Our approach to teaching Computing at Harrodian keeps the new realities of the tech economy and the creative and practical skills required by technologically focused employers firmly in mind. Pupils have the option to study the subject in their first year in the Senior School. If they are enthusiastic about Computing, they can then embark on a two-year GCSE course in Computer Science where they have opportunities to further their understanding of abstraction, decomposition, logic and algorithms.
Pupils study the OCR GCSE course, following the 9-1 assessment. For details please see the OCR Website or the Harrodian GCSE Prospectus.
After studying GCSE Computer Science, pupils should be able to:
analyse problems in computational terms through practical experience of solving such problems, including designing, writing and debugging programs
think creatively, innovatively, analytically, logically and critically
understand the components that make up digital systems, and how they communicate with one another
understand the impacts of digital technology to the individual and to wider society
apply mathematical skills relevant to Computer Science.
The course consists of three units:
Unit 1: Computer systems, including: systems architecture; networks; protocols; security; ethical, legal, and environmental concerns.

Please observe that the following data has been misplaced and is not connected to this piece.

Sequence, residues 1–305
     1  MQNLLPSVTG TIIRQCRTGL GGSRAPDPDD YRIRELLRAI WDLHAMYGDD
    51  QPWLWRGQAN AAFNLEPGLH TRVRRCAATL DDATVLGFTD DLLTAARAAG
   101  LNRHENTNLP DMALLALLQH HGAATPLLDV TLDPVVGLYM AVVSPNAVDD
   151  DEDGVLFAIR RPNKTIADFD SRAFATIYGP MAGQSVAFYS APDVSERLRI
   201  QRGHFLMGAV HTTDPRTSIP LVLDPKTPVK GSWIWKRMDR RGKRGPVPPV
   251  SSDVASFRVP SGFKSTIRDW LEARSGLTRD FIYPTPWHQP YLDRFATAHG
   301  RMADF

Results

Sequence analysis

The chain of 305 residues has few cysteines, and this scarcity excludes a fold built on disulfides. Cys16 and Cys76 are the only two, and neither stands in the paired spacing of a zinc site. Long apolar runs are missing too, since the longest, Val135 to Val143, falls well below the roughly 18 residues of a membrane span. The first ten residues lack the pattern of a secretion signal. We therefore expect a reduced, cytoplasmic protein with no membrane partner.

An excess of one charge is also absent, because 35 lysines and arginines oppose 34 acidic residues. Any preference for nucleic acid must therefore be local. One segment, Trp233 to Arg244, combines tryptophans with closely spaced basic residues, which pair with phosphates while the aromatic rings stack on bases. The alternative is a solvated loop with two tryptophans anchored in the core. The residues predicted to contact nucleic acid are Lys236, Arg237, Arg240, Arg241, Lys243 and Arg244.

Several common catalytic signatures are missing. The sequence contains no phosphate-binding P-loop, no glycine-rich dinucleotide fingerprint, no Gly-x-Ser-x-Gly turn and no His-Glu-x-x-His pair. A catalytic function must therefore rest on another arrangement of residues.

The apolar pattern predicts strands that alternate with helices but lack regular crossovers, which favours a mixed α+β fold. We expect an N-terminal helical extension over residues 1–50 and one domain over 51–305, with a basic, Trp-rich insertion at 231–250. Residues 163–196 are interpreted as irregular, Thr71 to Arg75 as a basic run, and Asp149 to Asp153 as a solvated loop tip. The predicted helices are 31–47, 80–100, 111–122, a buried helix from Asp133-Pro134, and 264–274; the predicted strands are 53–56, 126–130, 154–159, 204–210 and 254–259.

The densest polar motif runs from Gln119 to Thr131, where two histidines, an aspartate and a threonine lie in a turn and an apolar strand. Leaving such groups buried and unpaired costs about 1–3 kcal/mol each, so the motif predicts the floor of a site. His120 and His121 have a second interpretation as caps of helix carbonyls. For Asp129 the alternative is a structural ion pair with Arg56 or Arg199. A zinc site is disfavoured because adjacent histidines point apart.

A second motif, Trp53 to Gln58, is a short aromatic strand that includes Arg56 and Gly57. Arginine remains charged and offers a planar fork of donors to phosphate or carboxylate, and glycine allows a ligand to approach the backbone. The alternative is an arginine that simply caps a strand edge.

Unit 2: Computational thinking, algorithms and programming, including; pseudocode; flowcharts; producing robust programs; computational logic; data representation.
Unit 3: Programming project: a Python programming challenge following the system lifecycle: analyzing a problem, and designing, developing, testing and evaluating a solution.
For more specific year-by-year information, please refer to our Curriculum Handbooks/Information Booklets.
We plan to visit the National Museum of Computing this year. We are working with the 3D Design Department, using BBC Micro:Bit computers to create a time recording and logging mechanism for their rocket-propelled car challenge.
Head of Computing / Online Safety Coordinator: James Gledhill
Teacher of Computing: James Gledhill